Replying in Harijan (April 7, 1946), Gandhiji wrote: "I am not enamoured of equality or any other proportion in such matters. Merit should be the only test. Seeing, however, that it has become the custom to decry women, the contrary custom should be to prefer women, merit being more or less equal, to men even if the preference should result in men being entirely displaced by women. It would be a dangerous thing to insist on membership (in legislature) on the ground of sex. Women, and for that matter any group, should disclaim patronage. They should seek justice, never favours. Therefore, the proper thing is, for women, as indeed for men, to advance the spread of general education through their provincial languages as will fit then for numerous duties of citizenship... " Gandhiji is perhaps the only Indian leader who thought of the power of massive vote bank of women to get rid of corruption and caste-ridden murky politics. In Harijan, April 21, 1946, he exhorted feminists not to "cry out for women's rights but pay attention to enrol as many women as possible as voters, impart or have imparted to them practical education, teach them to think independently, release them from the chain of caste that bind them so as to bring about a change in them which will compel men to realise women's political strength and capacity for sacrifice and give her places of honour. If women workers do this, they will purify the present unclean political atmosphere. ... " Gandhiji's greatest service in the field of social reform, besides his campaign for the eradication of untouchability, was the revolutionary change that he effected in the traditional attitude towards women. The root of the evil, he said, lay not in legal inequalities but in "man's greed of power and fame and deeper still in mutual lust."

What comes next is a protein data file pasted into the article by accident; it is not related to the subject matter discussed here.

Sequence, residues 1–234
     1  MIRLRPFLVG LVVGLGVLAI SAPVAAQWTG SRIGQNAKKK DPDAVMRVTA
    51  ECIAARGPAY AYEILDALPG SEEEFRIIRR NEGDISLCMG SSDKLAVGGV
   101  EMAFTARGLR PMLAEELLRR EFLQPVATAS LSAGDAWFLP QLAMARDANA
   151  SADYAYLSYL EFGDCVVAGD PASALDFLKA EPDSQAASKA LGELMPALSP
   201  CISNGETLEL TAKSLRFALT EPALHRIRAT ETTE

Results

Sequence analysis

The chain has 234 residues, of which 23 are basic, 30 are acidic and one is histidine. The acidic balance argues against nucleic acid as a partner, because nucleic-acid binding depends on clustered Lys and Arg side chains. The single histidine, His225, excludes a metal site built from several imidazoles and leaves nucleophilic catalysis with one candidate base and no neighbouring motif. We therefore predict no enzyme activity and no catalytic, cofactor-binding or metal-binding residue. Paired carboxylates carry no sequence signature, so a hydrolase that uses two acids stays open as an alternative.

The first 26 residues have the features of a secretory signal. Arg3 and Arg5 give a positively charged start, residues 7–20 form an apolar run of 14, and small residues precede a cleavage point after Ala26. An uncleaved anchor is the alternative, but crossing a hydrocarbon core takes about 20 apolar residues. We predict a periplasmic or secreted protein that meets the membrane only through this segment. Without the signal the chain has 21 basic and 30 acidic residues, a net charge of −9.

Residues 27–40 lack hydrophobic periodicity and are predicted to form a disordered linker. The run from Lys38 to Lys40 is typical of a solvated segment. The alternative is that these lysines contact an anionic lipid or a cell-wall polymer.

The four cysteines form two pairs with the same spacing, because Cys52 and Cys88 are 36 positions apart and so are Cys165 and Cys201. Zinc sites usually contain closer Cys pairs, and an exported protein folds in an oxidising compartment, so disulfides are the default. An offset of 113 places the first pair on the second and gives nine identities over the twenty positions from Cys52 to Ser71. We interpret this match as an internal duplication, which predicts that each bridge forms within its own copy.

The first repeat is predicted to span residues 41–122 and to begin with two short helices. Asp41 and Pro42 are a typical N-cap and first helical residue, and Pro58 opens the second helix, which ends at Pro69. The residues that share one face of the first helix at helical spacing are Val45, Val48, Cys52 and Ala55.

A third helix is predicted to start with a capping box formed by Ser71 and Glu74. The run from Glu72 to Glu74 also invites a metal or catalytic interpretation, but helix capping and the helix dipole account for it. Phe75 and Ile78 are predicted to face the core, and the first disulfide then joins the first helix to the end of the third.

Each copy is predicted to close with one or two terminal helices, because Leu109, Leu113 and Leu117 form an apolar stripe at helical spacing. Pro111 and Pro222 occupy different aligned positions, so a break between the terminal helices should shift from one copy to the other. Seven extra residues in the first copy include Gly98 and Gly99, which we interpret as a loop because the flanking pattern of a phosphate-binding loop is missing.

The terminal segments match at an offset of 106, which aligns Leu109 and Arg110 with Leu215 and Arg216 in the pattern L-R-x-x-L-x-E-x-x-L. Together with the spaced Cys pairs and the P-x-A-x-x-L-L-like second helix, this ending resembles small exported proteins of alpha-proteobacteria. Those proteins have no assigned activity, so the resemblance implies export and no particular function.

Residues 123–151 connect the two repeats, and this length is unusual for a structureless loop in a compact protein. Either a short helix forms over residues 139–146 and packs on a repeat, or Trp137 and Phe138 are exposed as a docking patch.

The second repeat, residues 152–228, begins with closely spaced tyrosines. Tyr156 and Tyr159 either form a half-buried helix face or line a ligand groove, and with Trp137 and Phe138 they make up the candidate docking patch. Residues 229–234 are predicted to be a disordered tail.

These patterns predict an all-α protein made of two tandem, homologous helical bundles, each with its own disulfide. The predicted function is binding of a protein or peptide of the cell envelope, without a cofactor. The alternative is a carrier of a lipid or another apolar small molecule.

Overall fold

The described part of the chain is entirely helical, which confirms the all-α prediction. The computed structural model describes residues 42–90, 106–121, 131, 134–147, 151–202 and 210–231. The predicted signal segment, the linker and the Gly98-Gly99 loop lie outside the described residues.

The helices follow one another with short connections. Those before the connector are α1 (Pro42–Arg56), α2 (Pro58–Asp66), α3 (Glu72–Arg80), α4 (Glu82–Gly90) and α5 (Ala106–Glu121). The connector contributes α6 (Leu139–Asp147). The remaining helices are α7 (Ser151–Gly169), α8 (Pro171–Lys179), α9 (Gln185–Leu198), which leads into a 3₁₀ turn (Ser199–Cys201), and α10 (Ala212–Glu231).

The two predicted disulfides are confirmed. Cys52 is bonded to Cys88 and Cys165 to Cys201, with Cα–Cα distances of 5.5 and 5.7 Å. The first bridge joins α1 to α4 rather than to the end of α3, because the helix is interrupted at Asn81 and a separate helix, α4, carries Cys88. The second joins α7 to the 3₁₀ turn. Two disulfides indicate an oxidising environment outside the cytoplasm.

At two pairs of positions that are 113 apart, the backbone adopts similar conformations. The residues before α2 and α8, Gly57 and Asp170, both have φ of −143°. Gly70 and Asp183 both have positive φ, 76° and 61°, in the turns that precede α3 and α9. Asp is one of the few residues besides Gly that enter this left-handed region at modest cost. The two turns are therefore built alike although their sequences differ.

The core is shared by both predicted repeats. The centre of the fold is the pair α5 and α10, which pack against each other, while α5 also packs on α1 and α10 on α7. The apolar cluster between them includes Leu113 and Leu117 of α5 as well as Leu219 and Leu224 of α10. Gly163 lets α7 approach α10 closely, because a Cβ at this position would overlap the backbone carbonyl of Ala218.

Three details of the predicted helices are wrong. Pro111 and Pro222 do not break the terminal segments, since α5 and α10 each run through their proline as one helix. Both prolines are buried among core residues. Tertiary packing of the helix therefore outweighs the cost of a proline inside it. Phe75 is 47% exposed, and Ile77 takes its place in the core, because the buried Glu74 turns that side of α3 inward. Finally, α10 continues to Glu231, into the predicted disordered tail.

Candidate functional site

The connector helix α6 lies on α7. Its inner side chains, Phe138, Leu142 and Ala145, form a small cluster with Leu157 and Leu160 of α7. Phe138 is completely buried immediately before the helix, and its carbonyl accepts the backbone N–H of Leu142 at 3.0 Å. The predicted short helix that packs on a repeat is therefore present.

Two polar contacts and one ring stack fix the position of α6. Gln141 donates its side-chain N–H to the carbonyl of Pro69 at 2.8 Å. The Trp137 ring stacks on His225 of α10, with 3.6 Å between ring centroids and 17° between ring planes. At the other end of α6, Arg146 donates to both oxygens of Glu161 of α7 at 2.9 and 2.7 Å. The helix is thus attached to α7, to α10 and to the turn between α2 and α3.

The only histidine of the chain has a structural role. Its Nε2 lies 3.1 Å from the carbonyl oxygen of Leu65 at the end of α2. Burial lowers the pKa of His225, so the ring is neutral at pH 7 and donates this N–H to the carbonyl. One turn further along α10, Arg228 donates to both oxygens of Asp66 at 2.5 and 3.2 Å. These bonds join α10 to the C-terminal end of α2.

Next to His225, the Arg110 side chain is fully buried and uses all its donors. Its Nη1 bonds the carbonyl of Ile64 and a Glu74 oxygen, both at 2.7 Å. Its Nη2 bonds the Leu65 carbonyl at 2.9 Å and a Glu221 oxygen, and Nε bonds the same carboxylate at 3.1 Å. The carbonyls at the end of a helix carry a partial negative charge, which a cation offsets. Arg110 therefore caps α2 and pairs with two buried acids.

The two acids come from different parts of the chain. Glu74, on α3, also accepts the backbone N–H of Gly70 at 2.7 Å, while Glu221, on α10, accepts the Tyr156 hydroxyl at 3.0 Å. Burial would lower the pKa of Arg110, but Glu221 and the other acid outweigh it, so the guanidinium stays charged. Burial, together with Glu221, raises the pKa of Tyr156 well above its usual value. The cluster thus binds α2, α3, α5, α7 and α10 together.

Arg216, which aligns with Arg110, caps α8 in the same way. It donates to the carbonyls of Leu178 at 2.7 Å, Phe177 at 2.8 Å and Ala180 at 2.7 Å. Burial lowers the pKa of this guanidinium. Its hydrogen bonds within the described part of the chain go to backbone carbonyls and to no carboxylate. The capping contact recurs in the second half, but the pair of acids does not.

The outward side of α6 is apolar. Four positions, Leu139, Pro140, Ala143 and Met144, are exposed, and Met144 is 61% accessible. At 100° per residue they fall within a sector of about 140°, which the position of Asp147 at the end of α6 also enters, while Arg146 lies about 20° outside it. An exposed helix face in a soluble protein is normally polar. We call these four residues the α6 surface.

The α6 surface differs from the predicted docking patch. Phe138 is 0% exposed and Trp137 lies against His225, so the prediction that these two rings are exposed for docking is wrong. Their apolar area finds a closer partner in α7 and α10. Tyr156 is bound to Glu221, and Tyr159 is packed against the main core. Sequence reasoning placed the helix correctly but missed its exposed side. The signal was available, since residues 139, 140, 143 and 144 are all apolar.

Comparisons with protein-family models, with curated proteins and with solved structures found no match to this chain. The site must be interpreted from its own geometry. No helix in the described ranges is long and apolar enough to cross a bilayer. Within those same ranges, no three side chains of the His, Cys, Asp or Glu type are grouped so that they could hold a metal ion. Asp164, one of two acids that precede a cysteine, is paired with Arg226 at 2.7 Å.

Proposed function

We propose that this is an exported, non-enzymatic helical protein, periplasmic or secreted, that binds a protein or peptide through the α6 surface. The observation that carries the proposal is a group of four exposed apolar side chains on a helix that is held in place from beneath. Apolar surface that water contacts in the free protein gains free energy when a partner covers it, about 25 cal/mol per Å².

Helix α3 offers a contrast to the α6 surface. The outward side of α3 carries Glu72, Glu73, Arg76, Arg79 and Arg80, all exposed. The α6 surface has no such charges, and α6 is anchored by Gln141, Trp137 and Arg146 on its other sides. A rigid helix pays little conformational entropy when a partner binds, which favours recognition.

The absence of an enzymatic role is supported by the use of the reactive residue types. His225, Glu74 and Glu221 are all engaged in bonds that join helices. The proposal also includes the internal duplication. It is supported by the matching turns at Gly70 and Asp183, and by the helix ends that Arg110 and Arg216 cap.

During the freedom struggle in the 1930s, Gandhiji exhorted women to take part in Satyagraha movement on par with men. That 17,000 of around 30,000 persons who courted arrest during the Salt Satyagraha were women volunteers in a conspicuous example of their equal role under the leadership of the Mahatma.

In fighting for their rights, however, Gandhiji wanted the women of India not to imitate the West, but to apply "methods suited to the Indian genius and Indian environment." It is from Sita and Draupadi, Savitri and Damayanti, and not of amazons and prudes, that women today can derive strength and guidance for heroic conduct, "the inner control which, while bringing the ideal into current practice, will conserve the best and reject the base," (Young India, October 17, 1929).

In advising Indian women to emulate puranic characters like Sita and Draupadi, Gandhiji was referring to their free will and not subservience to male authority usually associated with them. "Rama would be nowhere without Sita, free and independent even as he was himself", Gandhiji wrote in Young India (February 3, 1927) and added: "But, for robust independence, Draupadi is perhaps a better example..."